Report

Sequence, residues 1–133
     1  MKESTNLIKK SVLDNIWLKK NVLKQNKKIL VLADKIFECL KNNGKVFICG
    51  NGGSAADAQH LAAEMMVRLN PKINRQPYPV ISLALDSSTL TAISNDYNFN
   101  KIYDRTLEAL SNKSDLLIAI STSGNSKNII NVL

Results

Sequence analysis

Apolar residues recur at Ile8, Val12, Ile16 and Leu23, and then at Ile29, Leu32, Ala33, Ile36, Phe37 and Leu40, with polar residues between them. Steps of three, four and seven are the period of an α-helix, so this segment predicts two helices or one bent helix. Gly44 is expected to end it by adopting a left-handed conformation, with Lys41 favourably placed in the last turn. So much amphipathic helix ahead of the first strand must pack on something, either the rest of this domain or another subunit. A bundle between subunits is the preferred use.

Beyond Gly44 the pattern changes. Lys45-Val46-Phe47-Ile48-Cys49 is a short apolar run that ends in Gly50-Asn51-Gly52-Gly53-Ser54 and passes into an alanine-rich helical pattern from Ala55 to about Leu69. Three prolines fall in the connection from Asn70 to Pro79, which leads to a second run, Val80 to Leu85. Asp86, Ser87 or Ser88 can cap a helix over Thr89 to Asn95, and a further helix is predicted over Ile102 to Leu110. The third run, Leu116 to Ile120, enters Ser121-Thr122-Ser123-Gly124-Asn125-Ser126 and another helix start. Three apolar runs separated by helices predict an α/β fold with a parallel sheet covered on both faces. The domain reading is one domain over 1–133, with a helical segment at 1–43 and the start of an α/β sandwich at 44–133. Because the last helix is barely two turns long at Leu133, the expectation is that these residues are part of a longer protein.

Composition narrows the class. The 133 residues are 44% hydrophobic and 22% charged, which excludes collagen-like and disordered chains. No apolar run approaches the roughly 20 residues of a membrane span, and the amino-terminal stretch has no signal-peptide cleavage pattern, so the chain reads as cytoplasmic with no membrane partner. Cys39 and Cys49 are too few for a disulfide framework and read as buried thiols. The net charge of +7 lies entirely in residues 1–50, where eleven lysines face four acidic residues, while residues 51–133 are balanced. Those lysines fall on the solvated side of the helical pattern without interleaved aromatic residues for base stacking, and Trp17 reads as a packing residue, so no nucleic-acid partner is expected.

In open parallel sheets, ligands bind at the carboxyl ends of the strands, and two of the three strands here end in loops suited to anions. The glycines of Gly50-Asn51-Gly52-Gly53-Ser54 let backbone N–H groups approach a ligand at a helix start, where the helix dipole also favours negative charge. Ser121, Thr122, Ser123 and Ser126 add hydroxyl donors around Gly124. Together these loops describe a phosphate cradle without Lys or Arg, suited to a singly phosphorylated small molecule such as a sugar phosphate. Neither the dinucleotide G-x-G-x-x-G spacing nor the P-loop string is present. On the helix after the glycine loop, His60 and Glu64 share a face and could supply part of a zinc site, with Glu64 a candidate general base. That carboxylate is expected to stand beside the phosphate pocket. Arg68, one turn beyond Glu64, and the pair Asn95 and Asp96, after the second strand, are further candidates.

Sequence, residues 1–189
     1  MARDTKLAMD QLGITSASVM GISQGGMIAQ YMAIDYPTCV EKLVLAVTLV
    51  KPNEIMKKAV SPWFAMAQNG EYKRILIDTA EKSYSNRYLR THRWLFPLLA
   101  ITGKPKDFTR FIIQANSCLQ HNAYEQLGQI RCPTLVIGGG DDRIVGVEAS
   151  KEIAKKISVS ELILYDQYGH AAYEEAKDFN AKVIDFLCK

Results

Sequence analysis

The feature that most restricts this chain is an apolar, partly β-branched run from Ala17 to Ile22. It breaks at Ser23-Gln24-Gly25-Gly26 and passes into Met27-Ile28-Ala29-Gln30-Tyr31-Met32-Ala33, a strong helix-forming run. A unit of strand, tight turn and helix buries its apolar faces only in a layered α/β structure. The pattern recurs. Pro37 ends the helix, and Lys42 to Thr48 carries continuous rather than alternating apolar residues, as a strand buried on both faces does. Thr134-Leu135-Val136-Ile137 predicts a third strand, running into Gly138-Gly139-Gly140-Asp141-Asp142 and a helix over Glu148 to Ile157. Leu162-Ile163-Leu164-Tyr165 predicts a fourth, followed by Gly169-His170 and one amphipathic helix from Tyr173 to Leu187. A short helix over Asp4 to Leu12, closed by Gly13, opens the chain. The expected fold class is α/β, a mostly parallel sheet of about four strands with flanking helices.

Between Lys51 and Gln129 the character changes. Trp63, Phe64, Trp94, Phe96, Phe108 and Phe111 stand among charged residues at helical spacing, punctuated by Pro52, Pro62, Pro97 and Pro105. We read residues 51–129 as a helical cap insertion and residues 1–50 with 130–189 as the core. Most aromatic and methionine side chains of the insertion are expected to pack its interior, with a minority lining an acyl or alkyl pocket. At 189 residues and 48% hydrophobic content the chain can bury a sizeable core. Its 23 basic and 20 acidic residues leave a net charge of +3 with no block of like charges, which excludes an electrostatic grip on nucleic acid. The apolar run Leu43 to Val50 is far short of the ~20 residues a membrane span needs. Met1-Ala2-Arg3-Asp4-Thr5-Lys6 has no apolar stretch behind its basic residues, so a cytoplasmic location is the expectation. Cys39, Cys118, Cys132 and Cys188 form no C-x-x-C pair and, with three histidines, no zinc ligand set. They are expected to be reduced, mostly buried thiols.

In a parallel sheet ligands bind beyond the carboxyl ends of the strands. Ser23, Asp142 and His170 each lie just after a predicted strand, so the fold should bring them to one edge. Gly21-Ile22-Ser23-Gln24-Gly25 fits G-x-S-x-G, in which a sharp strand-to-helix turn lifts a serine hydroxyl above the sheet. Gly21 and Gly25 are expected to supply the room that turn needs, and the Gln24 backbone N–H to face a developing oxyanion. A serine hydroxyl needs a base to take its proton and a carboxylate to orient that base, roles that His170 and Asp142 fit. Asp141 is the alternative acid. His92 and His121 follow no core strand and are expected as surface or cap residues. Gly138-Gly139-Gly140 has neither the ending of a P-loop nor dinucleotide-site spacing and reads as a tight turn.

Current Statistical Issues in Dissolution Profile Comparisons Sutan Wu, Ph.D. FDA/CDER 5/20/2014 1 Outlines: • Background of Dissolution Profile Comparisons • Current Methods for Dissolution Profile Comparisons • Current Statistical Concerns • Simulation Cases • Discussions 2 Disclaimer: The presented work and views in this talk represents the presenter’s personal work and views, and do not reflect any views or policy with CDER/FDA. 3 Backgrounds: Dissolution profile comparison: why so important? Extensive applications throughout the product development process Comparison between batches of pre-change and post-change under certain post-change conditions e.g.: add a lower strength, formulation change, manufacturing site change Generic Drug Evaluations FDA Guidance: Dissolution, SUPAC-SS, SUPAC-IR, IVIV and etc. 4 Dissolution Data Recorded at multiple time points At least 12 tablets at each selected time point is recommended Profile curves are drugdependent e.g: Immediate release vs. extend release Response: cumulative percentage in dissolution 5 Current Methods for Dissolution Profile Comparisons Model-Independent Approaches Similarity factor 2 (FDA Dissolution Guidance): 1 n f 2 50 log{[1 t 1 ( Rt Tt ) 2 ]0.5 100} n Multivariate Confidence Region Procedure --- Mahalanobis Distance: = Σ = ( − )′ Σ Σ +Σ 2 −1 ( − ) , = 1 , … . ′ , = (1 , … . )′ Model-Dependent Approaches: Select the most appropriate model such as logit, Weibull to fit the dissolution data Compare the statistical distance among the model parameters 6 Methods Pros • Simple to compute • Clear Cut-off Point: 50 Mahalanobis Distance • Model-dependent Approach • • Only the mean dissolution profile to be considered; • At least 3 same time point measurements for the test and reference batch; Comments • Approximately over 95% applications • Bootstrapping f2 is used for data with large variability • Only one measurement should be considered after 85% dissolution of both products; • %CV <=20% at the earlier time points and <=10% at other time points. Both the mean profile and the batch variability to be considered together Simple stat formula • Same time point measurements for the test and reference batches; • A few applications • Cut-off point not proposed • Hard to have a common acceptable cut-off point Measurements at different time points • • Model selection Cut-off point not proposed • Some internal lab studies Similarity factor 2 • Cons 7 Some Review Lessions: 75 B o 60 o t s 45 t f r 2 a 30 p p i 15 n g 0 0 15 30 45 60 75 Similary Factor f2 • Large variability was observed in some applications and the conclusions based on similarity factor f2 were in doubt. • Bootstrapping f2 was applied to re-evaluate the applications. Different conclusions were observed. 8 Motivations: How to cooperate the variability consideration into dissolution profile comparison in a feasible and practical way? Bootstrapping f2: Lower bound of the non-parametric bootstrapping confidence interval (90%) for f2 index 50 could be the cut-off point Subsequent Concerns: The validity of bootstrapping f2? Mahalanobis-Distance (M-Distance): A classical multivariate analysis tool for describing the distance between two vectors and widely used for outlier detection Upper Bound of the 90% 2-sided confidence interval (Tsong et. al. 1996) Subsequent Concerns: The validity of M-Distance? The cut-off point? 9 Objectives: Thoroughly examine the performance of bootstrapping f2 and f2 index: can bootstrapping f2 save the situations that f2 is not applicable? Gain empirical knowledge of the values of M-distance: does Mdistance is a good substitute? What would be the “appropriate” cut-off point(s)? 10 Simulation Cases: Scenarios 1: similarity factor f2 “safe” cases For both batches 1) %CV at earlier time points (within 15 mins) <= 20% and %CV <= 10% at other time points; 2) Only one measurement after 85% dissolution Scenarios 2: large batch variability cases (f2 is not recommended generally) %CV > 20% (<= 15 mins) or/and %CV > 10% (> 15mins) Different mean dissolution profile but same variability for both batches Same mean dissolution profile but testing batch has large variability Scenarios 3: multiple measurements after 85% dissolution “Safe” Variability cases: Dissolution Guidance recommendations Large Variability cases 11 Basic Simulation Structures: Dissolution Mean Profile from Weibull Distribution: % = ∗ [1 − exp(−() )], : , : , : , : Reference Batch: MDT= 25, B=1, Dmax=85 Testing Batch: 90 End Step 80 MDT 13 37 2 70 B 0.55 1.45 0.05 Dmax 73 97 2 Dissolution (%) Start Batch Variability (%CV) for 12 tablets: Start End Step <=15 mins 5% 50% 2% >15 mins 5% 60 50 40 Ref Batch 30 Testing Batch 1 20 Testing Batch 2 10 0 0 10 20 30 40 50 60 70 Time in Mins 30% 2% 5000 iterations for Bootstrapping f2 Time (mins): 5, 10, 15, 20, 30, 45, 60 12 Scenarios 1 Cases: Reference Testing %CV at all time points = 5% %CV at all time points = 10% f2 43.60 Bootstrapping f2 43.30 M-Distance 31.07 f2 84.23 Bootstrapping f2 84.10 M-Distance 2.81 When similarity factor f2 is applicable per FDA guidance, bootstrapping f2 and f2 give the same similar/dissimilar conclusions; %CV (<=15mins) = 15%, %CV (> 15mins) = 12% f2 51.04 Bootstrapping f2 50.77 M-Distance 9.18 In examined cases, the values of bootstrapping f2 is close to f2 values, though slightly smaller; Values of M-Distance could vary a lot, but within expectations. 13 Demo of M-distance vs. Bootstrapping f2: Bootstrapping f2 value M-Distance vs. Bootstrapping f2 100 75 50 25 0 0 5 10 15 20 25 30 M-Distance Values of M-Distance vary a lot: for higher Bootstrapping f2, M-Distance can be lower than 5; • for board line cases (around 50), M-Distance can vary from 7 to 20. 14 Scenarios 2 Cases: • Different Mean Dissolution Profile, but same variability at all the time points: some board line cases show up Dmax=89, MDT=19, B=0.85 Dmax=89, MDT=19, B=0.75 %CV all time points 30% %CV all time points 30% f2 50.10 f2 51.3 Bootstrapping f2 49.46 Bootstrapping f2 50.54 M-Distance 5.34 M-Distance 5.03 Dmax=89, MDT=19, B=0.75 Some discrepancies were observed between Bootstrapping f2 and f2 index %CV all time points 10% f2 50.40 Bootstrapping f2 50.10 M-Distance 9.31 Bootstrapping f2 gives different conclusions for the same mean profile but different batch variability Values of M-Distance vary: stratified by batch variability? 15 Same Mean Dissolution Profile but large variability for testing batch 90 Testing Batch 80 70 Ref Batch 60 50 40 30 20 10 0 0 10 20 30 40 50 60 70 In examined cases Bootstrapping f2 is more sensitive to batch variability, but still gives the same conclusion with cut-off point as 50; This may suggest to use a “higher” value as the cut-off point at large batch variability cases; M-Distance varies: depends on the batch variability 16 Scenarios 3: More than 1 measurement over 85% 100 90 80 70 60 50 40 30 Testing Batch Ref Batch 20 10 0 0 10 20 30 40 50 60 70 In examined cases, Bootstrapping f2 gives more appealing value but still same conclusion with cut-off point as 50; This may suggest to use a different value as cut-off point for bootstrapping f2. 17 Findings: When similarity factor f2 is applicable per FDA Dissolution guidance, bootstrapping f2 and f2 give the same similar/dissimilar conclusions; In the examined cases, Bootstrapping f2 is more sensitive to batch variability or multiple >85% measurements; However, with 50 as the cut-off points, bootstrapping f2 still gives the same conclusion as similarity factor f2; Values of M-Distance varies a lot and appears that <=3 could be a similar case, and over 30 could be a different case. Conclusions: Based on current review experiences and examined cases, bootstrapping f2 is recommended when the similarity factor f2 is around 50 or large batch variability is observed; At the large batch variability cases, new cut-off points may be proposed. Testing batches would be penalized by larger batch variability. M-Distance is another alternative approach for dissolution profile comparisons. Its values also depends on the batch variability. The cut-off point is required for further deep examinations, particularly, M-Distance values at different batch variability and bootstrapping f2 around 50. 18 Problems encountered with M-distance: Convergence issue with Inverse of Σ , Proposal: To compute the increment M-Distance _ = 1 , 2 − 1 , … , −1 − _ = (1 , 2 − 1 , … , −1 − ) Σ_ = , Σ_ = ( ) The proposed increment M-Distance can help us solve the convergence problem caused by highly correlated data (cumulative measurements); The interpretation of increment M-Distance: the distance between the increment vectors from the testing and reference batches. 19 References: • FDA Guidance: Dissolution Testing of Immediate Release Solid Oral Dosage Forms, 1997 • FDA Guidance: SUPAC for Immediate Release Solid Oral Dosage Forms, 1995 • FDA Guidance: Extended Release Oral Dosage Forms: Development, Evaluation, and Application of In Vitro/In Vivo Correlation, 1997 • In Vitro Dissolution Profile Comparison, Tsong et. al, 2003 • Assessment of Similarity Between Dissolution Profiles, Ma et. al, 2000 • In Vitro Dissolution Profile Comparison – Statistics and Analysis of the Similarity Factor f2, V. Shah et. al, 1998 • Statistical Assessment of Mean Differences Between Dissolution Data Sets, Tsong et al, 1996 20 Acknowledgement: FDA Collaborators and Co-workers: • ONDQA: Dr. John Duan, Dr. Tien-Mien Chen • OGD: Dr. Pradeep M. Sathe • OB: Dr. Yi Tsong 21 22 Back Up 23 90% Confidence Region of M-Distance: T K y xtest xref S pooled 1 y xtest xref F P, 2 n p 1,.90 ,where 2 2n p 1 K n 2n 2n 2 P By Langrage Multiplier Method * y1 xtest xref 1 F P , 2 n p 1,.90 * y xtest xref 1 F P , 2 n p 1,.90 2 u max D M l min D M T 1 K S x x x x pooled test ref test ref T 1 K S xtest x ref xtest xref pooled T 1 * 1 * *T S * , y y S pooled pooled 1 2 y1 y2 T 1 * 1 * *T S * , y y S pooled pooled 1 2 y1 y2 24